A field oxidation process is described for MOS circuits which results in effective isolation of semiconductor elements with decreased bird's beaks. In the following description, numerous specific details are set forth such as layer thickness, etc., in order to provide a thorough understanding of the invented process. It will be obvious to one skilled in the art, however, that the invention may be practiced without these specific details. In other instances, well-known processing steps have not been described in detail in order not to obscure the present invention in unnecessary detail.
In general, field oxides in the prior art have most often been formed by oxidation of the silicon substrate in a wet atmosphere or a pressurized atmosphere in the presence of oxygen; for instance, steam in the temperature range between 900 degrees C. and 950 degrees C. The silicon nitride members in some cases are placed directly on the native oxide and in other cases, are formed on silicon dioxide layers. The latter results in unacceptable lateral oxidation increasing the size of the bird's beaks at the substrate-nitride interface. A typical example of prior art bird's beaks is shown in FIG. 1. A field oxide region 12 is formed on the substrate 14 with overlying layer 13 shown over the field oxide region. The bird's beak 11 is typical of prior art processing, and as can be seen, this relatively thin oxide provides little isolation and yet consumes considerable substrate area.
In the initial step of the invented process, shown in FIG. 2, a very thin silicon nitride layer 24 is thermally grown on the surface of the substrate 21 directly over the native oxide. This nitride layer 24 seals the substrate surface and thus prevents lateral oxidation along the substrate-nitride interface. In the presently preferred practice, the nitride is grown with ammonia in a diffusion tube at 1000 degrees C. to a thickness of 25A to 30A.
This first nitride layer is thickened by the addition of an LPCVD layer of silicon nitride deposited directly over the thermally grown layer. In the current practice of the invention, the LPCVD layer is 250A thick. The thermally grown and the LPCVD layer are shown together in FIG. 3 as layer 26. In the preferred embodiment, layer 26 is 275-280A thick.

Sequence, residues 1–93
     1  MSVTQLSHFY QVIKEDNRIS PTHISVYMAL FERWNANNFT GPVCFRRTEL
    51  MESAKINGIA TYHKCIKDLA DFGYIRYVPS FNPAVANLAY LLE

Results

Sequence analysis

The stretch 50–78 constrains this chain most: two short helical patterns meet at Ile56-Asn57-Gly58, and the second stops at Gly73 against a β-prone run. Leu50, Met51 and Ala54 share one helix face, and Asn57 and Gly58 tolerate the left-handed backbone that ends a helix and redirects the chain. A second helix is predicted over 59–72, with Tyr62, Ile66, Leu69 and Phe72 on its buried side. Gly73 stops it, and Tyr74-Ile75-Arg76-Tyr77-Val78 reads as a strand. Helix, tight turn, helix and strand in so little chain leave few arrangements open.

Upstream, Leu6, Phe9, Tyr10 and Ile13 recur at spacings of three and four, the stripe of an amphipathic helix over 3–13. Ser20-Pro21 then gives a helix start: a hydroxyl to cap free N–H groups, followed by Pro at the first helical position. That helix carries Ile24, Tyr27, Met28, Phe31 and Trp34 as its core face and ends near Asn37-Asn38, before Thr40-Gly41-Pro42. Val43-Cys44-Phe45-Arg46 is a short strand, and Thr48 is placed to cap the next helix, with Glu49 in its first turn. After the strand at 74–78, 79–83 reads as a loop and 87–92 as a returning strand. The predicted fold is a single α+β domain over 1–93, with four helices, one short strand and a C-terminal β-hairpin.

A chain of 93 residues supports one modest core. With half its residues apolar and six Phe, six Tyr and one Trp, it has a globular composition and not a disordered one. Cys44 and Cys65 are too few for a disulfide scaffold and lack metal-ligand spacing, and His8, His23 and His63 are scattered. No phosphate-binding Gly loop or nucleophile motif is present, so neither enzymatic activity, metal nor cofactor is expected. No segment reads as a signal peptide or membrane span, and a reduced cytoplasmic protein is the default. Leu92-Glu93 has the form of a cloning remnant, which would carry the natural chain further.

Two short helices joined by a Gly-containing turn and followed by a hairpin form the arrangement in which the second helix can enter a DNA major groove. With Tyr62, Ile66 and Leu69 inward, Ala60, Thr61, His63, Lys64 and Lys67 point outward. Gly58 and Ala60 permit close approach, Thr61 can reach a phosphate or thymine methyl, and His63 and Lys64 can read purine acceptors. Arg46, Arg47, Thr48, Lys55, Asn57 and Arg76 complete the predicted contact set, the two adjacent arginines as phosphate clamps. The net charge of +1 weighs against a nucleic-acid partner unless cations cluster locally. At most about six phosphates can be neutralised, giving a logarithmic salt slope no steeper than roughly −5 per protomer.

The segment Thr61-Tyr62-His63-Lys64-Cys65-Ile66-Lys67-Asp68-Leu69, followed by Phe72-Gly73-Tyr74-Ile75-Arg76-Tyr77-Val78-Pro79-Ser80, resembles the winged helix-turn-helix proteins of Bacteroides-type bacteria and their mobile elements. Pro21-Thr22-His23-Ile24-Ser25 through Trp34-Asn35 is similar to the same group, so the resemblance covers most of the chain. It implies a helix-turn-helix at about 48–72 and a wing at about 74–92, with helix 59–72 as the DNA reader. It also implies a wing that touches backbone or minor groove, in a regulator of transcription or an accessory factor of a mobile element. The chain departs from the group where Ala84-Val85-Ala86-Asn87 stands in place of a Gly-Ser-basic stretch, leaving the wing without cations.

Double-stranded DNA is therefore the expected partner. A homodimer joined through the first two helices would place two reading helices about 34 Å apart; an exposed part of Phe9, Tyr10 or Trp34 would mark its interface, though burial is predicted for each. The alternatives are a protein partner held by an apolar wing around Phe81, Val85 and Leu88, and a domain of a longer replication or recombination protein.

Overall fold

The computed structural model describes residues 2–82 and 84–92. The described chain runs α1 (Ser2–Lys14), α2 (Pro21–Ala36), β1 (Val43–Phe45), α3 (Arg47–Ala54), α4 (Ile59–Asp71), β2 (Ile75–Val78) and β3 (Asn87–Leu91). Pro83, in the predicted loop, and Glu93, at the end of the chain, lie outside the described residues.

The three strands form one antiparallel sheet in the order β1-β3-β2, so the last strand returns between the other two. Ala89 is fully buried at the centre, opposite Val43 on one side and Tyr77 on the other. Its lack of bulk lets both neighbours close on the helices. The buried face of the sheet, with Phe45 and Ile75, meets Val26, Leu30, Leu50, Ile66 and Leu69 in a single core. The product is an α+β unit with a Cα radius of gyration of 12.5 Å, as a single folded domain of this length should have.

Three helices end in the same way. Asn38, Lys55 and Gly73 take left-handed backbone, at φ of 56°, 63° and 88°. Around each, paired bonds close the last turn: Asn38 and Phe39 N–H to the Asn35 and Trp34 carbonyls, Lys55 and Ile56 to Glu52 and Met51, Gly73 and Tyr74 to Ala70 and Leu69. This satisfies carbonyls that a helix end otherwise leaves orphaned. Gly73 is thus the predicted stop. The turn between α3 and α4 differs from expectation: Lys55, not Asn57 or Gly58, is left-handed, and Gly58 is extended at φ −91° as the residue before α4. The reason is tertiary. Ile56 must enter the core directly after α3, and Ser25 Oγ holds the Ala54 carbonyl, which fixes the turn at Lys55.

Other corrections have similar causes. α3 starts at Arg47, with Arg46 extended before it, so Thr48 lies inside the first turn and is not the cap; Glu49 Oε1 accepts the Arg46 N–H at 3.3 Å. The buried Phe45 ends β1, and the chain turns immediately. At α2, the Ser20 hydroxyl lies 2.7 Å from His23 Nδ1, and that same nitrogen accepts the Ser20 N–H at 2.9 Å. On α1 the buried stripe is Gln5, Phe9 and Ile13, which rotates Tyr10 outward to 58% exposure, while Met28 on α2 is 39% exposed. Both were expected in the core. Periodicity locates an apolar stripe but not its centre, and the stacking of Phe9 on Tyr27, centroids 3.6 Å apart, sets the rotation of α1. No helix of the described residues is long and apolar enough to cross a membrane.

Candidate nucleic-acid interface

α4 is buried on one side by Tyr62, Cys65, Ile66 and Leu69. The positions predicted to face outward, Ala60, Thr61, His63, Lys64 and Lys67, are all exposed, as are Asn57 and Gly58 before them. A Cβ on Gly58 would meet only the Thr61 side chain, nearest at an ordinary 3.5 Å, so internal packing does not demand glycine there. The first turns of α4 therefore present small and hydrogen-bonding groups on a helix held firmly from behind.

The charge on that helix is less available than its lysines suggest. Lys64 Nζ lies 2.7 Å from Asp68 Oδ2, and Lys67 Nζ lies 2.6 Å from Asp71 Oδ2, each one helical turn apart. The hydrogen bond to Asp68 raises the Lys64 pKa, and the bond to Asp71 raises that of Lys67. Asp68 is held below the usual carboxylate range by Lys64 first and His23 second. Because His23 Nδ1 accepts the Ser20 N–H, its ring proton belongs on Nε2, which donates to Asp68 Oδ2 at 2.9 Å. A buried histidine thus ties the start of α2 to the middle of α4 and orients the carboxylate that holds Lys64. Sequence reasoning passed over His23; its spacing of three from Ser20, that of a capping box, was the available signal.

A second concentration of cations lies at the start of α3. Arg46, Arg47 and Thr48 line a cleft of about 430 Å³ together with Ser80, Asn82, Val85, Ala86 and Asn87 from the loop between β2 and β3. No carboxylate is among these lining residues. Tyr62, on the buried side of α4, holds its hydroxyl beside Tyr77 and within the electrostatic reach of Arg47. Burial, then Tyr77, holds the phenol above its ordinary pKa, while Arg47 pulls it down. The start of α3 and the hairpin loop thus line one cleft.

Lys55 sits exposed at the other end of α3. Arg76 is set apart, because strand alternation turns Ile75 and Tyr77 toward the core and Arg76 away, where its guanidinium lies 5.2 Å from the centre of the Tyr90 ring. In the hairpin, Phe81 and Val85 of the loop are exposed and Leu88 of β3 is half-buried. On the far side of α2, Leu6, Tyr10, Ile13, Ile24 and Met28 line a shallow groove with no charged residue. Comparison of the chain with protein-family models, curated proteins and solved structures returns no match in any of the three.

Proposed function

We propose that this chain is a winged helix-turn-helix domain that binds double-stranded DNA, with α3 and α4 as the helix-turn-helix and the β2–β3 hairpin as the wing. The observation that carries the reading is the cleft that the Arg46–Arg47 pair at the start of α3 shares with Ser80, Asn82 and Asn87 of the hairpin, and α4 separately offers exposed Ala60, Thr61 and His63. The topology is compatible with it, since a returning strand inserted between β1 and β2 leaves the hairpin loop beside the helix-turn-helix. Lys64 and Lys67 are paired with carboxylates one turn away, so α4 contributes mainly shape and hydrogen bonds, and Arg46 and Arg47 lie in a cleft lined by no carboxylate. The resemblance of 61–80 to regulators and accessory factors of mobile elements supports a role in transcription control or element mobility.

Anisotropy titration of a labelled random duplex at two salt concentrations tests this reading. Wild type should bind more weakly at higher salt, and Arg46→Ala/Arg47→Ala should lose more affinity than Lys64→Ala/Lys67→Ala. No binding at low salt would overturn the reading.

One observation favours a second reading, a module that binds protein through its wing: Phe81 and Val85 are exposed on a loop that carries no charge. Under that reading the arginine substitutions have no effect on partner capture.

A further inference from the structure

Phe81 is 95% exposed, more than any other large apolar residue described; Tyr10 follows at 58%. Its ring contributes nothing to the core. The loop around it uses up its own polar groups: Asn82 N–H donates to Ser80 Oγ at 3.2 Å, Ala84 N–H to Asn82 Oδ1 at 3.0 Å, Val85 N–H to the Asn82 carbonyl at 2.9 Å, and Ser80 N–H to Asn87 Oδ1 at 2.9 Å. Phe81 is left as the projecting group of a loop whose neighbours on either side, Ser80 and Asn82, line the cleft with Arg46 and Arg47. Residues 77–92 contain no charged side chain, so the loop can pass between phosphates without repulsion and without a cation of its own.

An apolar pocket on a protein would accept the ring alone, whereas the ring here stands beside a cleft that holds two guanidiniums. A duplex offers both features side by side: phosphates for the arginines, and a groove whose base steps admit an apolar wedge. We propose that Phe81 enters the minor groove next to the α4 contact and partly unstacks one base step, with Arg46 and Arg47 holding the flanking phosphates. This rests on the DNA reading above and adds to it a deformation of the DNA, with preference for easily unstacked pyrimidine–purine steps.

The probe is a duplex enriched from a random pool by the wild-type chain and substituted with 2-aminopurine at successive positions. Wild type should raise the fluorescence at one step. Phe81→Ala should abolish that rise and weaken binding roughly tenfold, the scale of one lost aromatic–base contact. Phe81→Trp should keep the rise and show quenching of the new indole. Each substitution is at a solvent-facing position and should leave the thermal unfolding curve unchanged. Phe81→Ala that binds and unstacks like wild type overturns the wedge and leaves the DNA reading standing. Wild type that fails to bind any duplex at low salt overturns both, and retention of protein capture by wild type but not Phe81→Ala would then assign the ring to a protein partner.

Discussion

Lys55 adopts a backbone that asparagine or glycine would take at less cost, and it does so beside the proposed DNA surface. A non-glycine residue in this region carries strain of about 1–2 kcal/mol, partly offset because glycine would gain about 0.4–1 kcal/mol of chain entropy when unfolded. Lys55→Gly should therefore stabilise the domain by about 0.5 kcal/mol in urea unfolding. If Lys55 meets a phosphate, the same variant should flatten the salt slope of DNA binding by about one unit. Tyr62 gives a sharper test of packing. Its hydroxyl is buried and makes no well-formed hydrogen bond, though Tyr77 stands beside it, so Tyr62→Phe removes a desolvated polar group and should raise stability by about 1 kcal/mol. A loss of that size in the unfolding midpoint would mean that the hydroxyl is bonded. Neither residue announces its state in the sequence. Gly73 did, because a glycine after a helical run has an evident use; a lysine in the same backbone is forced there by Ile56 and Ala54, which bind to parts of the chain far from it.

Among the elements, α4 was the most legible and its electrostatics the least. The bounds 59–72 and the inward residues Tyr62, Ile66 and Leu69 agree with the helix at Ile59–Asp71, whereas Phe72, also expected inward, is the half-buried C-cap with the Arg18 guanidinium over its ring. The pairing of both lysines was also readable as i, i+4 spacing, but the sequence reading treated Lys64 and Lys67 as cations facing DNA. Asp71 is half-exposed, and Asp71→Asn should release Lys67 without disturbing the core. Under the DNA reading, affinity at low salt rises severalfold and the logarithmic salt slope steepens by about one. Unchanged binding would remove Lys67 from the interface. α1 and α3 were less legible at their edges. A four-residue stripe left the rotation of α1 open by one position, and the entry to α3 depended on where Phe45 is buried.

A layer of photoresist 27 of FIG. 4 is formed on the surface of the substrate (above the nitride layer 26) and through standard masking and etching steps, openings 32 and 33 are formed through the photoresist 27 and nitride layer 26 to the silicon substrate 21. The openings 32 and 33 are the locations in which the field oxide regions will be grown.
Following removal of the photoresist, a dry oxidation step is used to grow oxide 29 at the field oxide regions 32 and 33 (see FIG. 5). This dry oxidation step takes place in the presence of chlorine (e.g., an HCL atmosphere) at 1000 degrees C. The temperature in this step is important to the process. The temperature must be greater than the temperature which defines the flow point of silicon dioxide (950-975 degrees C.) in order to prevent defect formation during the subsequent steam oxidation step. The dry oxidation layer 29 is grown through a thickness of approximately 500A. One skilled in the art will recognize that other thicknesses may be employed to achieve the advantage of the present invention.
Finally, a wet oxidation step is performed at 920 degrees C. to grow an additional 6000A of oxide. The resulting oxide regions 30 of FIG. 6 are thus 6500A thick in the preferred embodiment of the present invention.
Referring to FIG. 7, the profile of the bird's beak 31 which results when substrates are processed utilizing the present invention is shown. When the present invention is practiced in the preferred embodiment, the extension of the beak 31 has been shown to be reduced to 0.25 microns. The shorter length of the profile of the bird's beak as compared to that shown in FIG. 1 enables a reduction in the area of separation between active regions of an MOS circuit.
Thus, an oxidation process has been described which provides field oxide regions with small bird's beak profiles. By providing a thermally grown nitride layer and an initial dry oxidation step, lateral oxidation along the nitride silicon interface is reduced.
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|U.S. Classification||438/452, 148/DIG.117, 257/E21.293, 257/E21.559, 257/E21.258, 257/640|
|International Classification||H01L21/318, H01L21/316, H01L21/32, H01L21/76, H01L21/762|
|Cooperative Classification||Y10S148/117, H01L21/3185, H01L21/32, H01L21/76221|
|European Classification||H01L21/762B6, H01L21/32, H01L21/318B|
|Nov 27, 1984||AS||Assignment|
Owner name: INTEL CORP., 3585 S.W. 198TH ST., ALOHA, OR 97005
Free format text: ASSIGNMENT OF ASSIGNORS INTEREST.;ASSIGNOR:PATTERSON, ELIZABETH L.;REEL/FRAME:004344/0026
Effective date: 19841106
|Apr 21, 1989||FPAY||Fee payment|